There was a time – let’s call it 1996 – when if you wanted a piece of software, you went to the store and picked a box up off a shelf and paid money at the cash register for it. Then you took the box home and read the 800-page manual while you waited for your incredibly slow CD-ROM drive to install the software and you were told to stay off the “world wide web” because someone needed to use the telephone and Lassie was there and the men drank cold buttermilk when they came in from the fields.
Now we don’t have “software” or “programs,” we have “apps.” People don’t like paying for apps up front (I suspect this probably has something to do with “millenials”), and when it comes to games, this has given rise to the strange and misleadingly-labeled world of “free-to-play.” It’s a confusing, lawless landscape — most of these games want to convince you to part with your money, usually asking for a steady trickle of cash instead of an up-front investment.
The worst of free-to-play games usually live on phones and tablets, or on social media — you’ve almost certainly gotten invites for some of these on Facebook, such as the mindless chore-grind Farmville. Mobile versions include licensed drudgery like The Simpsons: Tapped Out, or the unscrupulous travesty of Dungeon Keeper Mobile (both from EA), which make players wait days to build structures unless they open their wallets.
But there are good free-to-play games out there, too — ones that actually have some modicum of respect for players and keep the “give me money” nagging to a minimum. Here are a few I’ve had fun with.
You don’t need to be familiar with Blizzard’s genre-defining MMO World of Warcraft to enjoy Hearthstone, and you don’t have to pay a red cent to play it. All the basic cards are available just by playing and unlocking them, or by breaking down cards and “crafting” ones you want. This process can be expedited by purchasing card packs, which give you a better shot at landing some of the rarer cards. The nice thing here is that you can either plunk down a couple dollars, or use the in-game gold coins you earn by completing daily challenges or winning games in “arena” mode. Hearthstone’s expansions require a modest investment in order to play, but the game has never made spending money a requirement for winning.
The MOBAs – Dota 2, League of Legends, Smite
Nobody can agree on what to call these games — “Multiplayer Online Battle Arenas,” “Action-RTS,” “Hero Brawlers” — but they generally share several core characteristics: You play as a character on a team of five and attempt to push down lanes dotted with automated turrets in order to capture the enemy base. You and your teammates try to level your characters up by gaining experience and items. MOBAs typically have very high skill ceilings and the player communities can be incredibly competitive, which scares off many typical players (i.e., me). Still, it’s hard to fault the business model, particularly in Valve’s Dota 2. From the outset you have access to all the heroes and items the game has to offer. You can choose to buy cosmetic items to change your characters’ appearances, but absolutely none of the game’s mechanics are gated behind a paywall. Just be prepared to deal with some of gaming’s saltiest players.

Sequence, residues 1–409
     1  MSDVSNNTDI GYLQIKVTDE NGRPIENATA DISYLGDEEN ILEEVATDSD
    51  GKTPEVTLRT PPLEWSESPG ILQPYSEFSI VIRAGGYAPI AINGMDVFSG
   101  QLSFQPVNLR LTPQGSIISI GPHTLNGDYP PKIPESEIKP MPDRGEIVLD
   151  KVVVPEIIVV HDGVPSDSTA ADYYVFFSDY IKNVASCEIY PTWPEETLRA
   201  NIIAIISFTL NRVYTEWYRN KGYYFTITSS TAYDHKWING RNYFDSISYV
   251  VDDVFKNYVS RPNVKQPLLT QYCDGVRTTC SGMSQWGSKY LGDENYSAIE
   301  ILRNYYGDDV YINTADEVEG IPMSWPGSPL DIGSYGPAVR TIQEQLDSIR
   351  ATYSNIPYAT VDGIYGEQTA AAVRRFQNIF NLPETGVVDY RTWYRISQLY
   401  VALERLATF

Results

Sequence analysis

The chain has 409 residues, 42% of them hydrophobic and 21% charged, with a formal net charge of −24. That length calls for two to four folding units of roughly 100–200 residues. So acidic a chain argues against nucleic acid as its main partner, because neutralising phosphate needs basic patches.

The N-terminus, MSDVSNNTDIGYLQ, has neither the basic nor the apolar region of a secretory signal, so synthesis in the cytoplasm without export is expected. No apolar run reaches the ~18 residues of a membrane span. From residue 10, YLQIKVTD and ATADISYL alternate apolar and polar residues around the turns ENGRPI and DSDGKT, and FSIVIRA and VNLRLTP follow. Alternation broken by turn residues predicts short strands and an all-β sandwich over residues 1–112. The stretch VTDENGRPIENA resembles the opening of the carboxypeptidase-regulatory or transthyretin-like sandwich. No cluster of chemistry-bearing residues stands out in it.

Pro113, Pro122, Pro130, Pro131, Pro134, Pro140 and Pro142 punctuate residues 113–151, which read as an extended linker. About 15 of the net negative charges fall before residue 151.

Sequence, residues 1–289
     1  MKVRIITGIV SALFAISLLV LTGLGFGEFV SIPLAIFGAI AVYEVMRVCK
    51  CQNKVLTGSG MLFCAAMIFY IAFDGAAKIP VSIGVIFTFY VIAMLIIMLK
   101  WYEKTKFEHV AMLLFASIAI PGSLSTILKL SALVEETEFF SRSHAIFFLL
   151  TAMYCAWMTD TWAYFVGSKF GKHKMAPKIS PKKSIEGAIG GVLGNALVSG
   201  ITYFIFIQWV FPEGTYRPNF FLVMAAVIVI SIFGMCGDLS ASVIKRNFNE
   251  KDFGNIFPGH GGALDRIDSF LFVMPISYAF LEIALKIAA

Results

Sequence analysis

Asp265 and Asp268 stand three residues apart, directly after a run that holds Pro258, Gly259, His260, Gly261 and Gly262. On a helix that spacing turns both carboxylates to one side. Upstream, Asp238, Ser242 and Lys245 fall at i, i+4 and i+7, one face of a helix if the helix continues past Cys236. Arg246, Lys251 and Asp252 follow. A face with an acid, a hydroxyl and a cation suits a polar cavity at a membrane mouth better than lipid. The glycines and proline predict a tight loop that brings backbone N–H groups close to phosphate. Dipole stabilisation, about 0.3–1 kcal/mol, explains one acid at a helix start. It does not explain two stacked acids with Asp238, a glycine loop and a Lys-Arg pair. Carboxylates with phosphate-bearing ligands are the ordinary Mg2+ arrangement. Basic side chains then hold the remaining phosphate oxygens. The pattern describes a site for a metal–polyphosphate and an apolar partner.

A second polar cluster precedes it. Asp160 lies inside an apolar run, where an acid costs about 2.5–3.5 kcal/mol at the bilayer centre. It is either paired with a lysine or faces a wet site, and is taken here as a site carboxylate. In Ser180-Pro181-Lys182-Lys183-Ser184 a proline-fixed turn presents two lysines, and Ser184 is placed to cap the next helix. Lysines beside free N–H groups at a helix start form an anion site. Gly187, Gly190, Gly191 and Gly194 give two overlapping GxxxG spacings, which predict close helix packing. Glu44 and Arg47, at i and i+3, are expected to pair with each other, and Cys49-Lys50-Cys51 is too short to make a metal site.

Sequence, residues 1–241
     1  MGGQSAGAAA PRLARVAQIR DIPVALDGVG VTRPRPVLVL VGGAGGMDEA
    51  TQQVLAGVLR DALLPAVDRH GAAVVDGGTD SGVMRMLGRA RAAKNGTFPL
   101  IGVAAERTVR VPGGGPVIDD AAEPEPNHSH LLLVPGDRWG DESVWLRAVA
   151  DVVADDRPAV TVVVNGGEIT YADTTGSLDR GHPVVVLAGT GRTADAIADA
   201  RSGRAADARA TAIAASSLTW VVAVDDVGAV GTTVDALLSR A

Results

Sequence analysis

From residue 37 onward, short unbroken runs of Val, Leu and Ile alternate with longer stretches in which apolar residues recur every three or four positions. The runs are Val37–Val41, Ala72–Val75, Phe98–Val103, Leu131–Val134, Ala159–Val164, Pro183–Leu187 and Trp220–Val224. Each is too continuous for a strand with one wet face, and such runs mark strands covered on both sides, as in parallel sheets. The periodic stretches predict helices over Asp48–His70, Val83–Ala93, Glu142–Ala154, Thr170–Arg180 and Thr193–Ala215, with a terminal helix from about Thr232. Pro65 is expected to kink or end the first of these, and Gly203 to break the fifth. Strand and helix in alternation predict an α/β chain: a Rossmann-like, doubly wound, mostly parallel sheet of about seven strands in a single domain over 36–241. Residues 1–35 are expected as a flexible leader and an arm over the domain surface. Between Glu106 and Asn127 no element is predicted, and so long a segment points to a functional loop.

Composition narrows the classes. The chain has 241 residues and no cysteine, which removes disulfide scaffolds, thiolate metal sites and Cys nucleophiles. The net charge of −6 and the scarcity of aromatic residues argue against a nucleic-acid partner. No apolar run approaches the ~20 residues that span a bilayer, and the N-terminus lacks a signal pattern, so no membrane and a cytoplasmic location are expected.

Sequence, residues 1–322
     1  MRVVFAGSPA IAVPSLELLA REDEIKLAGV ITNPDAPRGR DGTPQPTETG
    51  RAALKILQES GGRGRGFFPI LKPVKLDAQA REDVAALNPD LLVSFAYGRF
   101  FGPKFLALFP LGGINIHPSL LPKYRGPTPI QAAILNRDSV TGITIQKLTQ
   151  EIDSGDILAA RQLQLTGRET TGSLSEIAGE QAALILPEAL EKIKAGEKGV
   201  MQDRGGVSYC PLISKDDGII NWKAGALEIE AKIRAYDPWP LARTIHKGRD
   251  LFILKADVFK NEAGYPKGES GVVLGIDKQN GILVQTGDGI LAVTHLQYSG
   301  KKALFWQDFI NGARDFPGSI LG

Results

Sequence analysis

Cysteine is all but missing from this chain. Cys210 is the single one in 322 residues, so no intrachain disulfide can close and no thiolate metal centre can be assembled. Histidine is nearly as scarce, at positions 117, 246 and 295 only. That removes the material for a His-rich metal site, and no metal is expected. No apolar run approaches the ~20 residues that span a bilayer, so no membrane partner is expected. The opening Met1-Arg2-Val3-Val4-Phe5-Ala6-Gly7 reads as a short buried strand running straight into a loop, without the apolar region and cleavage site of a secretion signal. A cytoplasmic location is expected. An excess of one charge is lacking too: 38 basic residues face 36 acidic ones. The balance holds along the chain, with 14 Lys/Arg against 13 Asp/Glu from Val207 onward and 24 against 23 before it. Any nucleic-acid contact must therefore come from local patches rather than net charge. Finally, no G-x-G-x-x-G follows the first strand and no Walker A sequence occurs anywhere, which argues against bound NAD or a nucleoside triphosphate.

Shooty-bang games – Team Fortress 2, Planetside 2, Warframe
Also from Valve, Team Fortress 2 is a hugely-popular, lighthearted, cartoony shooter with several entertaining modes and character classes. Teamwork usually carries the day, with successful teams leveraging good positioning and smart use of class abilities, such as the medic’s healing and the spy’s invisibility. As with Dota 2, the only money you spend in Team Fortress 2 is for cosmetic items — mostly funny hats. Planetside 2 is much more a massively multiplayer game, dropping you into a gigantic three-faction war and a landscape littered with bases to conquer and large tanks and aircraft to pilot. Planetside 2 lets you spend money to speed up your experience gain rate and buy fancier guns, but it’s still very possible to have a lovely old time without paying. Warframe (PC, Xbox One, PlayStation 4) is a cooperative space shooter in the vein of last year’s Destiny, and while you’ll have to pay for much of the high-tier gear, it’s still possible to get a very good feel for the game before you pay in.
Role-Playing Games – Path of Exile, Lord of the Rings Online
The free-to-play role-playing scene is pretty packed, mostly with MMOs that bore you into throwing money at them. Fortunately, Path of Exile and Lord of the Rings Online give you plenty to do before you need to buy anything. Path of Exile is a very solid Diablo clone that appeals to players like me: Give me a Skyrim or a Mass Effect, please don’t pollute my fantasy worlds with other people. Three lengthy, challenging acts provide tons of solo content and there’s always the opportunity to team up with other players to take on a difficult boss if you like.
I’m told Lord of the Rings Online is a very good MMORPG, but like most games of the type, I found myself bored to tears by it. Still, it’s a gigantic world and by all accounts a very solid experience, and you don’t have to pay a dime to get set up. It also has a completely different look and feel from the Peter Jackson films, which after all these years is a bit refreshing.
This list is far from exhaustive. When you’re navigating the free-to-play spaces, just keep an eye out for red flags: Games that prevent you from moving forward until you invite your friends, for instance, should be avoided. Also check to see how many different kinds of in-game currency there are — three or more of these usually is bad news. And if the game is from EA or Ubisoft, run away.